By Nick Rizzo
September 14, 2011

Greece’s best plan is to “default big,” says former Argentine central bank governor Mario Blejer — Bloomberg Businessweek

Barclays was lucky, Bank of America was stupid — Dealbook

One of Warren Buffett’s successors had a twenty-five year streak of running every day — WSJ

AOL, Microsoft, and Yahoo have formed an ad pact to take on Google — TNW

“The correlations we note among industry sectors are profoundly and dysfunctionally high” — FT Alphaville

Federal prosecutors are investigating whether eBay took confidential information from Craigslist — Reuters

And Donald Trump’s new tenant paid its deposit in gold bars — WSJ

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5 comments so far

“AOL, Microsoft, and Google have formed an ad pact to take on Google.”

I feel as though AOL and Microsoft are not so scary, but then I saw that Google is in the pact, and I thought, wow, that is a legitimate threat. Google is probably terrified.

Posted by minderbender | Report as abusive

@mindbender: And confused as heck. That’s what happens when a company grows too fast.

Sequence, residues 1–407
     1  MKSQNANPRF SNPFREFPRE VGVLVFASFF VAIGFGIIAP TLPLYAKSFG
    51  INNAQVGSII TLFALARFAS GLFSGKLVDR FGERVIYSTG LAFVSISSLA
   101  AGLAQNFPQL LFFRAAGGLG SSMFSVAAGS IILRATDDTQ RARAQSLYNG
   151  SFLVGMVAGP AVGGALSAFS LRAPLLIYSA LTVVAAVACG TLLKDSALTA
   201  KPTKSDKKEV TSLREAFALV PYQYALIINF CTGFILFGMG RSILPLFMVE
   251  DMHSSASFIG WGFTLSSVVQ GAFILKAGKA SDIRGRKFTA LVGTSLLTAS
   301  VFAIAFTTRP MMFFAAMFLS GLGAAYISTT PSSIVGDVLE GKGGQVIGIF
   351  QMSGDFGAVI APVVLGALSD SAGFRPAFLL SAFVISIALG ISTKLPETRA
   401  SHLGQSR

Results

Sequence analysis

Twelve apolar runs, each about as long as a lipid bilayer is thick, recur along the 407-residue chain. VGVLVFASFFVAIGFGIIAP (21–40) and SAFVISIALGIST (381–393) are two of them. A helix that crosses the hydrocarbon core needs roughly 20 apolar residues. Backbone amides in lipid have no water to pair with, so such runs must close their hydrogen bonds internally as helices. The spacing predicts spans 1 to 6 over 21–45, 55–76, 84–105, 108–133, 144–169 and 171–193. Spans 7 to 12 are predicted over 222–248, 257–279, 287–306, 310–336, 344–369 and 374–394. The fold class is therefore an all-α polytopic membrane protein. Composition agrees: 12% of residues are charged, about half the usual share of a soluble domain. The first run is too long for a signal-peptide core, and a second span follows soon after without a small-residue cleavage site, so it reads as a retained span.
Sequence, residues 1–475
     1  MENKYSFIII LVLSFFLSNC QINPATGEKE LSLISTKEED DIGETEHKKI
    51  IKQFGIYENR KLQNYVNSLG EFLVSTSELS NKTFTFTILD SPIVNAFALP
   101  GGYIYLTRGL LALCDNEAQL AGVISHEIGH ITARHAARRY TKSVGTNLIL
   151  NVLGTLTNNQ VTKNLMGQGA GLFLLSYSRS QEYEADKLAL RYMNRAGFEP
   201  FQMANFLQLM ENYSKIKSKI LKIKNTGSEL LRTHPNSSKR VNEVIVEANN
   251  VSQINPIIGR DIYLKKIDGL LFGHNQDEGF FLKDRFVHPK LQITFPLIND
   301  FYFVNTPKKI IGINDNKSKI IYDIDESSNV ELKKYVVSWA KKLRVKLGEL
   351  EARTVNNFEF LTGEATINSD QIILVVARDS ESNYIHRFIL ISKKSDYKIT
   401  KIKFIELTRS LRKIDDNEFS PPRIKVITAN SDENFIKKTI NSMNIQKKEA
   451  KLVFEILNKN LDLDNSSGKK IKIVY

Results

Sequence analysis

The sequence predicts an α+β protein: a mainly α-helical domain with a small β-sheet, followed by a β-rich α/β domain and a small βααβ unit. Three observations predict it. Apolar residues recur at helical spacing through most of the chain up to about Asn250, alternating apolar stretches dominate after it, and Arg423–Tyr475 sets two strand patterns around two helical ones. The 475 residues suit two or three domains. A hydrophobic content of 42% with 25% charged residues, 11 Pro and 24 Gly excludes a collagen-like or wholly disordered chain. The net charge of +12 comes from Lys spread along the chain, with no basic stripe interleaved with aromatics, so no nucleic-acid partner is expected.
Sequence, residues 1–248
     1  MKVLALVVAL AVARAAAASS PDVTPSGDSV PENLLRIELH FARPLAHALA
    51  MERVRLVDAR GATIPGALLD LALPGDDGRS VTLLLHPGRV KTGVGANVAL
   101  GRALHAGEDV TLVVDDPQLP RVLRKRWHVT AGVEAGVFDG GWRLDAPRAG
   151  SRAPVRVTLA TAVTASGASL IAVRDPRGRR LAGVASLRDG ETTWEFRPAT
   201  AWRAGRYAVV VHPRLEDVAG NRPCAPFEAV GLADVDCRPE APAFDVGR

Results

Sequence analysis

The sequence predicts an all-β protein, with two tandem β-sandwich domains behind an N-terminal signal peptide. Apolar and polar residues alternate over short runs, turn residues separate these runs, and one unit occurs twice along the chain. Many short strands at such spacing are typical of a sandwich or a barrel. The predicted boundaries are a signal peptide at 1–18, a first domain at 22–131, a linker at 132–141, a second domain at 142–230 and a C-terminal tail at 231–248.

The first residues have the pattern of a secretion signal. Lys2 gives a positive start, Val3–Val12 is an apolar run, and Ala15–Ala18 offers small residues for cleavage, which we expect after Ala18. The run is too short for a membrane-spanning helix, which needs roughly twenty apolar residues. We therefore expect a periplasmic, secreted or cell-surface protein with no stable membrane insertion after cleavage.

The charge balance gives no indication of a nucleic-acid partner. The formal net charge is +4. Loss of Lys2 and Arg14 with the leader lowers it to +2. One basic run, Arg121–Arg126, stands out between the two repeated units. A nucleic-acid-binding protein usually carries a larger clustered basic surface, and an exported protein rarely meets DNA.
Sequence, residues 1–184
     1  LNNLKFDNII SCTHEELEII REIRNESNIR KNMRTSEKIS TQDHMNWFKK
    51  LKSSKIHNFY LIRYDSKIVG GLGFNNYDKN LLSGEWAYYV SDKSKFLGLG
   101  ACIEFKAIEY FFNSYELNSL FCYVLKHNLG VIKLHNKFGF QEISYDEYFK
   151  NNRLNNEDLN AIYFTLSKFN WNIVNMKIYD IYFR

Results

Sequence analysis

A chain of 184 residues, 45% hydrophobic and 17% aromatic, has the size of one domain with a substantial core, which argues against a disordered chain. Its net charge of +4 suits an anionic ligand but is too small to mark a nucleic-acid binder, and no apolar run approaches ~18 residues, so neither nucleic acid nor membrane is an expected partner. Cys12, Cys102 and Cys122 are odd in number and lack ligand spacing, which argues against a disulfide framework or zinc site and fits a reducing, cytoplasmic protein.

Posted by Curmudgeon | Report as abusive

Default big, yes, but have a plan in mind first as to how you’re going to balance the primary budget after you do.

Posted by dWj | Report as abusive

First, I believe it’s supposed to say, “AOL, Microsoft and Yahoo”.

Second, there is a need for clarification here. These are for online display ads, not search ads, and here’s why the distinction matters. According to comScore Q1-2011 US Online Display Ads: 31.2%
Yahoo! Sites 10.1%
Microsoft Sites 4.8%
AOL, Inc. 3.0%
Google Sites 2.5%

The clicked-thru stories link to IDC’s numbers (for Q1-2011) that are widely different:

Google 14.7%
Yahoo 12.3%
Facebook 8.8%
Microsoft 6.5%

Since I frequently track comScore’s other metrics (search and smartphone market shares), I tend to trust their numbers more.

In either case, the impression most people would have had (if they didn’t pay close attention and click all the the way thru to find the numbers) is that Google dominates online display ads as it does with search ads.

Posted by GRRR | Report as abusive 220/megan-mcardle-and-arnold-kling-psych ic-inequality-reihan-salam

Rarely can I stand to read anything from NRO, but this post highlights a key concept. Our economic measures focus on GDP — but for a wealthier country, where the basic essentials cost only a small fraction of the per capita income, it is a poor proxy for what really matters.

How might we even begin to measure “psychic income”? Are there perhaps instances where “psychic wealth” and “material wealth” would drive different policies?

Posted by TFF | Report as abusive
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